SocOfAutism
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09 Apr 2016, 8:42 am

ConceptuallyCurious wrote:
Everyone, including NTs, find it more difficult to cope when they're stressed or anxious and people with ASD are not different in that regard. (Though on average they become overwhelmed and/or anxious more quickly or by different stimuli to NTs.)

So, yes. It is likely that at times of stress or change autistic would seem more autistic.

That was certainly the case for me when my traumatic experiences became too much for me. I went mute for a period and had I been given a support level for restrictive and repetitive behaviours (as per DSM 5), I strongly suspect it would have been a higher one than now.

It's also common to see an increase in ASD traits during puberty, possibly relating to hormones but also because there's big environmental (schools and the expectations there), social and bodily changes during that period. Plus, social skill difficulties become more noticeable because NTs make huge jumps during this period - difficulties adjusting can then cause more stimming, meltdowns, etc.

Not to mention that some behaviours, such as spinning, are far easier to pass off as age-expected or slightly behind in childhood but increasingly strikingly different as children age. Same goes for being a 'cute' little professor, verses a monologuing teen who really 'ought' to know that their partner is bored. Or 'tantrums' (meltdowns) which become progressively less socially acceptable as one ages to adulthood.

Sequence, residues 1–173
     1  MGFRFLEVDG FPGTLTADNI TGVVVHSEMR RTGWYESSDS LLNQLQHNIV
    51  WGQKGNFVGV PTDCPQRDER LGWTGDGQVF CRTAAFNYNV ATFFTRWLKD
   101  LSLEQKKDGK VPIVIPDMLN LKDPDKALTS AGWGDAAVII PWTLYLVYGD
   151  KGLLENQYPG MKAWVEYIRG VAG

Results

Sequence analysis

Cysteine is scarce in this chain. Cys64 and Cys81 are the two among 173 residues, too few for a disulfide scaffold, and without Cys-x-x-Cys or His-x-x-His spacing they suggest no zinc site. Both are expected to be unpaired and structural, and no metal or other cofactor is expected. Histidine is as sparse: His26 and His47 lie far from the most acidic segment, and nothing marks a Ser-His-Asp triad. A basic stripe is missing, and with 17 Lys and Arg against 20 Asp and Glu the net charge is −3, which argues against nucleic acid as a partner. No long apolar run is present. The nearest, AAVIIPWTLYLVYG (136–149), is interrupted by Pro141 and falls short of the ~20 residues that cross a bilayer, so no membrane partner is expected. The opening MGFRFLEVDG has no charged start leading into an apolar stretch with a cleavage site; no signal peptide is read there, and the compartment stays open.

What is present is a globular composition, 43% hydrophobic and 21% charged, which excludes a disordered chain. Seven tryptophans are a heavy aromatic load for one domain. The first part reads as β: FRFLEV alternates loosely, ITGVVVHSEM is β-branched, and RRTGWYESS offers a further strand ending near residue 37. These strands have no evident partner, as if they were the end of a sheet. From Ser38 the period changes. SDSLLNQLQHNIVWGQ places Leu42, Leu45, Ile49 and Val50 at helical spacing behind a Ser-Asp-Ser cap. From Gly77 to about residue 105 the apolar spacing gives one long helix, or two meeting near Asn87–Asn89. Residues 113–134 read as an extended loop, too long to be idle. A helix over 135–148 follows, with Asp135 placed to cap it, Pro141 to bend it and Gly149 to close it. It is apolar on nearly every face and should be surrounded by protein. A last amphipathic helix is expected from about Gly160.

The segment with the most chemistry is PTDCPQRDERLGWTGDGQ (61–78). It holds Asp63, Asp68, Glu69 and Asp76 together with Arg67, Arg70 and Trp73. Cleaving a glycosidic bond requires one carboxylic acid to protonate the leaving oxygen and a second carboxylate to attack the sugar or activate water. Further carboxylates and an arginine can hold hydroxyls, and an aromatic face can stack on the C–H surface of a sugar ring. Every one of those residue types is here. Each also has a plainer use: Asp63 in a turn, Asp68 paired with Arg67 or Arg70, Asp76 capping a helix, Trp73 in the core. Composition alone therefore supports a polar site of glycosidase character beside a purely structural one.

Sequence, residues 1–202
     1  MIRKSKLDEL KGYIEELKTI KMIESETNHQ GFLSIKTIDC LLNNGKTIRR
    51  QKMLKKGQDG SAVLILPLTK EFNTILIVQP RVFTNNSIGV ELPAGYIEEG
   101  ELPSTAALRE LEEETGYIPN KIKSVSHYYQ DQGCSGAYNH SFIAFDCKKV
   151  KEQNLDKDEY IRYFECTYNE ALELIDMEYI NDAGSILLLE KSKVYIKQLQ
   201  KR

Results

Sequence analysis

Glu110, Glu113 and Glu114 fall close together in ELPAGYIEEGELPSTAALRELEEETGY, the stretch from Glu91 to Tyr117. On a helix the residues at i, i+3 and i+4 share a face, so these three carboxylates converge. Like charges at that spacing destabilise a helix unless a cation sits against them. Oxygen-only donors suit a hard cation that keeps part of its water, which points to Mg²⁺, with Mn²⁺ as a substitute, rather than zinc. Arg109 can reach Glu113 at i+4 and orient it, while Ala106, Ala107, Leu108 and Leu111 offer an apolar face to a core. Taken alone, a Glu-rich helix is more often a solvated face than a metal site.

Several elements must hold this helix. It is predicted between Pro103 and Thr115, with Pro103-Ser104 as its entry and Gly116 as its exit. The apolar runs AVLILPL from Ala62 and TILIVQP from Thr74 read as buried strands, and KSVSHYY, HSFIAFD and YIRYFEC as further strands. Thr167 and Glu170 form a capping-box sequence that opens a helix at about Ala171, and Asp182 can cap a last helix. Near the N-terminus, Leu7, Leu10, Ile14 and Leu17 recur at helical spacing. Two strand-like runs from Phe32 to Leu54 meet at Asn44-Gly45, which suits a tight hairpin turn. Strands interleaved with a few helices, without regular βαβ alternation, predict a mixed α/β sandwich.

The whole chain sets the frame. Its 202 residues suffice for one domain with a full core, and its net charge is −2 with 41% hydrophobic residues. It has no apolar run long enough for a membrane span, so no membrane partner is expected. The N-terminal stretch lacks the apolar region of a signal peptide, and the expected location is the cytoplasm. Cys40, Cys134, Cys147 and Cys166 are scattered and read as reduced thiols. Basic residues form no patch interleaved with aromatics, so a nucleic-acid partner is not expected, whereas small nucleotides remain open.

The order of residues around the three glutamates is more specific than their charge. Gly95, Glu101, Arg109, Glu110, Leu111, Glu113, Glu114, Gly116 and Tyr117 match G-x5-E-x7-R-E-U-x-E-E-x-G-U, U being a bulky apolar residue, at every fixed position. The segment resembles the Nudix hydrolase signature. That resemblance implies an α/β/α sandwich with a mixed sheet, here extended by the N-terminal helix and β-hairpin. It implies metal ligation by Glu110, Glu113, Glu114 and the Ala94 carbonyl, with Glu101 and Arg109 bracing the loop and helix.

^^This! Not for me because I'm NT, but this fits with everything I have read and observed.

PTSD seems to be not uncommon in people on the autism spectrum. If you think about a round peg being repeatedly forced into a square hole in many different ways over the peg's entire life, lots of super traumatic situations tend to develop. Some people end up with PTSD as a result. You might want to read up on both autism and PTSD because some of the traits/symptoms are similar.



SirMiles
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09 Apr 2016, 10:24 am

Short answer... Yes. Anything that causes an autistic person to adapt to new circumstances/environment/routine. Stress... eustress and distress.